I will save you and you shall be a blessing. –Zechariah 8:13 From everyone to whom much has been given, much will be required; and from the one to whom much has been entrusted, even more will be demanded. –Luke 12:48 With great power comes great responsibility. —Benjamin Parker As we explain elsewhere, we here […]

The kitsch business has slowed down as of late, but every now and again a check comes in from our store for the various wares sold during the prior period. That happened a few days ago, when a check came in for over $100. As is custom, we take that money and head on over […]

On this day in 1787, the Constitutional Convention finished its work, and those involved in the creation of the new charter to govern the recently liberated colonies gathered once more to sign the document in order to then take it to the people in the several states for consideration and ratification. Much has changed in […]

[S]tare decisis is neither an inexorable command, nor a mechanical formula of adherence to the latest decision, especially in constitutional cases. If it were, segregation would be legal . . . . —Citizens United v. FEC, 558 U.S. 310, 377 (2010) (Roberts, C.J., concurring) (cleaned up) ************************** The decision was 7-1. In the ensuing decades, it had been […]

All we say to America is, “Be true to what you said on paper.” –Dr. Martin Luther King Jr. (April 3, 1968) ***************************** Our nation began with what is and will ever remain one of the most eloquent pronouncements of natural right ever uttered: We hold these truths to be self-evident, that all men are […]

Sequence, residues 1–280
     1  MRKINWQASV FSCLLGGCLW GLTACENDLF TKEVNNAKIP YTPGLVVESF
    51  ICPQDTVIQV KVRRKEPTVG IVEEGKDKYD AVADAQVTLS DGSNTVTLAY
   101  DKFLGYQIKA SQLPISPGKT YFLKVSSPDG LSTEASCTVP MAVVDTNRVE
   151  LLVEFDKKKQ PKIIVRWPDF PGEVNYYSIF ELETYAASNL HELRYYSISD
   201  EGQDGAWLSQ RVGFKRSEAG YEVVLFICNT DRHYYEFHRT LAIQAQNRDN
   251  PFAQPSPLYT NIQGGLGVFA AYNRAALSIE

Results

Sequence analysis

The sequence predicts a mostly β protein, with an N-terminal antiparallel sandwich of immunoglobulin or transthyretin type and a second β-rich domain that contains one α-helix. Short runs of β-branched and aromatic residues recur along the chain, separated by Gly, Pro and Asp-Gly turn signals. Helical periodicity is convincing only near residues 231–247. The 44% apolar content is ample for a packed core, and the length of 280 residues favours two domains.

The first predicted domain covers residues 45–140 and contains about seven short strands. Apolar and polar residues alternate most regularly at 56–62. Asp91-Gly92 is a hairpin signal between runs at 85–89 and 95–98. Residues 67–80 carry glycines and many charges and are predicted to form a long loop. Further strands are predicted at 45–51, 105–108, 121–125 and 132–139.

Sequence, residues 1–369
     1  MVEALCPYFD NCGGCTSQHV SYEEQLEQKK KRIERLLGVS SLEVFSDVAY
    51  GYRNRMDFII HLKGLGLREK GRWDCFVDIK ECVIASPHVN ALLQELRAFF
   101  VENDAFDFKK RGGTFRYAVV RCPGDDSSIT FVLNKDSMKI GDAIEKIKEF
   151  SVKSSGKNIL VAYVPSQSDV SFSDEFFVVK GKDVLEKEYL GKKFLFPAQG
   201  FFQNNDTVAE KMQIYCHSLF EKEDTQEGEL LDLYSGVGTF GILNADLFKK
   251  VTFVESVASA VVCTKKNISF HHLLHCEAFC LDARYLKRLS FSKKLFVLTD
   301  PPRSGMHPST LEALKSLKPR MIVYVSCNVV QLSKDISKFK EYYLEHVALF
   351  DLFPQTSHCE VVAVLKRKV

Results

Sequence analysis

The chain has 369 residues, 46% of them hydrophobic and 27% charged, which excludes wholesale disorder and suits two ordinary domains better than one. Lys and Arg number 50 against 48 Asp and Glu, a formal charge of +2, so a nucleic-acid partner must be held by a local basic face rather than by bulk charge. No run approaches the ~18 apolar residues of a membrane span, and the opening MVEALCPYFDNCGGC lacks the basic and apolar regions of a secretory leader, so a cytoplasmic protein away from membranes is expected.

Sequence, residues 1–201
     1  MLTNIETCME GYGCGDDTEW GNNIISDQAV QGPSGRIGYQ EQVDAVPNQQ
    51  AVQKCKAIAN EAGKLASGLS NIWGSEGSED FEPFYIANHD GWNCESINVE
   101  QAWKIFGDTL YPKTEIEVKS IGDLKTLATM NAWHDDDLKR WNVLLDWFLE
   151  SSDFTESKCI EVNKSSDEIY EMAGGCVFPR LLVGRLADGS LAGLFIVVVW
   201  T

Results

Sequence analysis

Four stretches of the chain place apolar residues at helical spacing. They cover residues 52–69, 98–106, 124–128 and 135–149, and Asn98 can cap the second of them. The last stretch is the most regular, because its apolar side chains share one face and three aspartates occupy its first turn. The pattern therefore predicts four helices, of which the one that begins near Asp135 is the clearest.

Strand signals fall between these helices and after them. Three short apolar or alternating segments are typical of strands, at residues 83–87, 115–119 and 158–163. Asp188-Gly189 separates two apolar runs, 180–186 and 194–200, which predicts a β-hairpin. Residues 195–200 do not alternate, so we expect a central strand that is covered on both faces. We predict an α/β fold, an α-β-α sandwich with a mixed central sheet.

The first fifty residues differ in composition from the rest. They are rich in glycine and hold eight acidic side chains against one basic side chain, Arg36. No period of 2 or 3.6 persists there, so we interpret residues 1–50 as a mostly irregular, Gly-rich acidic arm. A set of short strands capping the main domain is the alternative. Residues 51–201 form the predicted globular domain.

Article I, Section One vests “[a]ll legislative Powers” in Congress.[1] Among other things, this means that “[e]xcept in a few areas constitutionally committed to the Executive Branch, the basic policy decisions governing society are to be made by the Legislature.”[2] Congress cannot delegate the power to make the law to another entity (or, for that […]

“[A] court . . . which should allow a change in public sentiment to influence it in giving to a written constitution a construction not warranted by the intention of its founders, would be justly chargeable with reckless disregard of official oath and public duty . . . . What a court is to do, therefore, is to declare the law as written, leaving it to the people themselves to make such changes as new circumstances may require.”

As President Donald Trump prepares to appoint a second Supreme Court justice, the national dialogue has been saturated with gossip over what judicial philosophy the next nominee might bring to the bench. For legal nerds, SCOTUS nominations are what the World Cup is to soccer fans: the one time everyone else cares about your passion. […]

[T]he interest of parents in the care, custody, and control of their children is perhaps the oldest of the fundamental liberty interests recognized by this Court. –Troxel v. Granville, 530 U.S. 57, 65 (2000) (plurality op.) *********************************** In In the Interest of H.S., a Minor Child, the Texas Supreme Court concluded that anyone in a “parent-like role” […]

It is most true that this Court will not take jurisdiction if it should not; but it is equally true that it must take jurisdiction if it should. The judiciary cannot, as the legislature may, avoid a measure because it approaches the confines of the Constitution. We cannot pass it by because it is doubtful. […]

[Eds. Note: We’re pleased to be able to share this piece by John Ehrett, who joins us as a guest author] Most government buildings are pathologically ugly. By “government buildings,” I don’t mean iconic structures like the Lincoln Memorial or the White House. I mean the garden-variety government buildings that sit in medium- to large-sized […]